Doing business online in the Caribbean in 2021 and beyond is no longer optional for the region.
The new Global Digital Insights report, produced by DataReportal in collaboration with We are Social and HootSuite, puts figures to the experience which was 2020. The pandemic forced everyone indoors and online and this manifested in increased social connections, online spending, streaming more entertainment and games and finding new ways to learn.
This is especially true for the Caribbean and the islands in the Eastern Caribbean, which is where I will focus. I will discuss what your Caribbean business should be doing online and where you need to be to reach your customers and potential buyers.
In the wider Caribbean, 77% of the population have a mobile phone. In the Eastern Caribbean mobile phone penetration is almost two phones to every resident. Montserrat has a 184.9% mobile penetration or 9228 phones with a population of under 4900.
The top five most used social media platforms for the world are Facebook, YouTube, WhatsApp, Facebook Messenger, and Instagram. Not surprising, Amazon is in the top five of most used apps.
The report gives you country by country data and you can find out what the digital landscape is for every island in the region. You will find links to the Eastern Caribbean islands at the end of this article.
A Mobile First World
Across the Eastern Caribbean, mobile phones were the primary tool used to access social media. All of the 3000 people on Montserrat who are on social, use a mobile phone to go online. In Anguilla and Antigua & Barbuda, 99% of those with phones connect to social media that way. This number doesn’t drop too far for Saint Lucia and St. Kitts & Nevis at 98%.
In Dominica, 98% of those with access connect to the internet via a mobile phone.
Android devices are the most popular across the globe and in the region. I noted that the US Virgin Islands, although outside the scope of this article, are primarily Apple users. The global averages of activity on Android devices are: 44% of the time is spent on social and communication apps such as email, 26% on videos and entertainment and 9% on playing games.
For the islands, 56% on average connect to the internet primarily using a mobile phone. The use of tablets increased in many islands, which can be attributed to purchasing devices for use by students who had to switch to online learning.
What this Means for Caribbean Businesses Online?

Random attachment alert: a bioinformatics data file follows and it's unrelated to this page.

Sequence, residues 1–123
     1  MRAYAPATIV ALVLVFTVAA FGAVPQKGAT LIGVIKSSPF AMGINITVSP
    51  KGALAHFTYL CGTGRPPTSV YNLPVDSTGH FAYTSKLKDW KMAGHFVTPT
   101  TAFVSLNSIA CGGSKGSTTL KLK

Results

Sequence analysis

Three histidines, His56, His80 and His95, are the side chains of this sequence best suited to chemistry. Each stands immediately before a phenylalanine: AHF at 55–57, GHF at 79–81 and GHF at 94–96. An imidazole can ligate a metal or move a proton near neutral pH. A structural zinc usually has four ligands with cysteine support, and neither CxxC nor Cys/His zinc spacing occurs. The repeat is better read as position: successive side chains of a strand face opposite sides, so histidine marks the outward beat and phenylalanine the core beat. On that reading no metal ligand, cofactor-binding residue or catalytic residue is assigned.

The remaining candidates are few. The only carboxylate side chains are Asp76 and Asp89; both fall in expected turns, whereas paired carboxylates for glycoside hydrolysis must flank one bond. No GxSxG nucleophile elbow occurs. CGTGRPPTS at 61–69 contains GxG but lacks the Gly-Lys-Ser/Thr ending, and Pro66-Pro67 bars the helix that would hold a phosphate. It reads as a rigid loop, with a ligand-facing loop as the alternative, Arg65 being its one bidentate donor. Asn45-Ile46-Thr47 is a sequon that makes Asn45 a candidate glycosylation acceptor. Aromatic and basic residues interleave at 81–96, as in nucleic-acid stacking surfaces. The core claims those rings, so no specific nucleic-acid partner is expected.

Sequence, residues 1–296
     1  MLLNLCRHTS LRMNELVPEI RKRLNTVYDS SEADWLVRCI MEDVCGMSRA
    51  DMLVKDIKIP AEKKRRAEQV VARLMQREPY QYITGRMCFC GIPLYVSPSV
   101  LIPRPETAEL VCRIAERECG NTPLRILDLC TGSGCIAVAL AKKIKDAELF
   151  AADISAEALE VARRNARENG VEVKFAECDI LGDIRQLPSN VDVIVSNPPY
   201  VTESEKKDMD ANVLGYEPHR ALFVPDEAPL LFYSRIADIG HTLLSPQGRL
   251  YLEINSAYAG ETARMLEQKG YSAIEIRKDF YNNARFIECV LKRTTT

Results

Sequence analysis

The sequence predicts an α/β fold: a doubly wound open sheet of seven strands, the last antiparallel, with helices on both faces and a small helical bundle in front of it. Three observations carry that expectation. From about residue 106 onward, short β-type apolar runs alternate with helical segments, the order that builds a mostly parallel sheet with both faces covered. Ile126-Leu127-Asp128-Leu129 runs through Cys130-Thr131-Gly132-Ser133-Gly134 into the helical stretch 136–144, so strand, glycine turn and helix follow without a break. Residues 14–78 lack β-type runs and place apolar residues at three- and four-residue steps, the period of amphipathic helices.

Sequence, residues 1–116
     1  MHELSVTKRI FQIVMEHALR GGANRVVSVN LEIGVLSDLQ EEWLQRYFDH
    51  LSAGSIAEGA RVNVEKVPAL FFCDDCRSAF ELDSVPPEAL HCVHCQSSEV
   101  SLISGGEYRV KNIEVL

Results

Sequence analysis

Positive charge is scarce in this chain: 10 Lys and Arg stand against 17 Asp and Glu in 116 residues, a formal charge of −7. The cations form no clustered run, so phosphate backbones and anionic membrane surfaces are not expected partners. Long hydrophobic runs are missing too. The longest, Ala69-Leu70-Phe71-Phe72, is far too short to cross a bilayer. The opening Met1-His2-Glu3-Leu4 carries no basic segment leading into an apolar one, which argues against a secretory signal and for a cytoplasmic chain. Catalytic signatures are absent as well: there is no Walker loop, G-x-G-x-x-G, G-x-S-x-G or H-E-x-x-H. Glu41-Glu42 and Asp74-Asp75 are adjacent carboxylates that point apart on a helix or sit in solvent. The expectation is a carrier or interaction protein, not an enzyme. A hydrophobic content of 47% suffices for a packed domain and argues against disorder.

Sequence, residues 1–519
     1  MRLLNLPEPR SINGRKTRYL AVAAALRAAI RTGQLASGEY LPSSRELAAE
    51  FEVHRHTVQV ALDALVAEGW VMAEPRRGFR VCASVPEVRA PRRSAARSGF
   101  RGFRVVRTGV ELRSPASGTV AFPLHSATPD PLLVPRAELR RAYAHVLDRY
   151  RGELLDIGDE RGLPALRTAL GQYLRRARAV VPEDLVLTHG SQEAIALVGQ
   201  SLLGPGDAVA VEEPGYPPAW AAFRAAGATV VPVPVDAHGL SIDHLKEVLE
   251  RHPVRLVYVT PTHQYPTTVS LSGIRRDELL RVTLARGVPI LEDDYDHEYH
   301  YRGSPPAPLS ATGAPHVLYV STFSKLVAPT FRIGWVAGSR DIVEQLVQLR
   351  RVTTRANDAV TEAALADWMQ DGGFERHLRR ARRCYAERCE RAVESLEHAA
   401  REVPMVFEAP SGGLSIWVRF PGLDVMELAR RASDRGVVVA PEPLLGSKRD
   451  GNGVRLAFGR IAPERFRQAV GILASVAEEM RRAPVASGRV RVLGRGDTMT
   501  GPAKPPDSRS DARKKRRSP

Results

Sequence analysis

Social media is not the only thing people do on their phones.
- Build a web presence which is separate from a social media platform.
- Mobile friendly (responsive) websites are essential. Many companies want to spend time on making the site visually exciting, but it is a pain to navigate on a phone. Once people get to your site, they should be able to see exactly what problem you solve and how to get you to resolve it.
- Optimize images for faster loading. Taking too long to load will frustrate and chase buyers from your website.
- Fill out the Alt text section on images. Search engines and social media want to create the best experience for everyone. That includes persons with disabilities. The text in the Alt section allows people with visual disabilities to know what is happening in the photo.
33.9% of the world’s population who are online use a search engine for brand discovery. About 32.6% also use ads on television to help them decide, 29.4% rely primarily on word-of-mouth, ads on social media account for 27.6% and the same percentage depend on a product or company website to make decisions.
Overall GenZ are more likely to begin their search for a brand via social media.
Older audiences use the web primarily for searching.
Voice search is increasing through digital apps like Siri and Google Assistant.
Using images to search is also growing especially for females.
What this means for your Caribbean business
- Caribbean business websites must be search engine optimized to allow for easier discoverability.
- Create more thought leadership content around your area of expertise.
- Add content that is visual as well as auditory, such as a YouTube video of you answering a frequently asked question or podcast where you do the same.
- People want to consume information in the way they prefer, not in the way you do.
What are Caribbean people searching for online?
Each island’s top searches included the island name, the island’s news, music, Movies, Google Classroom and YouTube. There were several Spanish word queries topping the Anguilla search list. The lottery was also quite common across the entire Caribbean.
Top queries via YouTube include dancehall artists such as Kartel and Shensea, searching for full movies, and TikTok videos.
What this means for your Caribbean business
- Create content that is relevant to the location you live and the people who need your solution.
- Provide solutions that inform and entertain.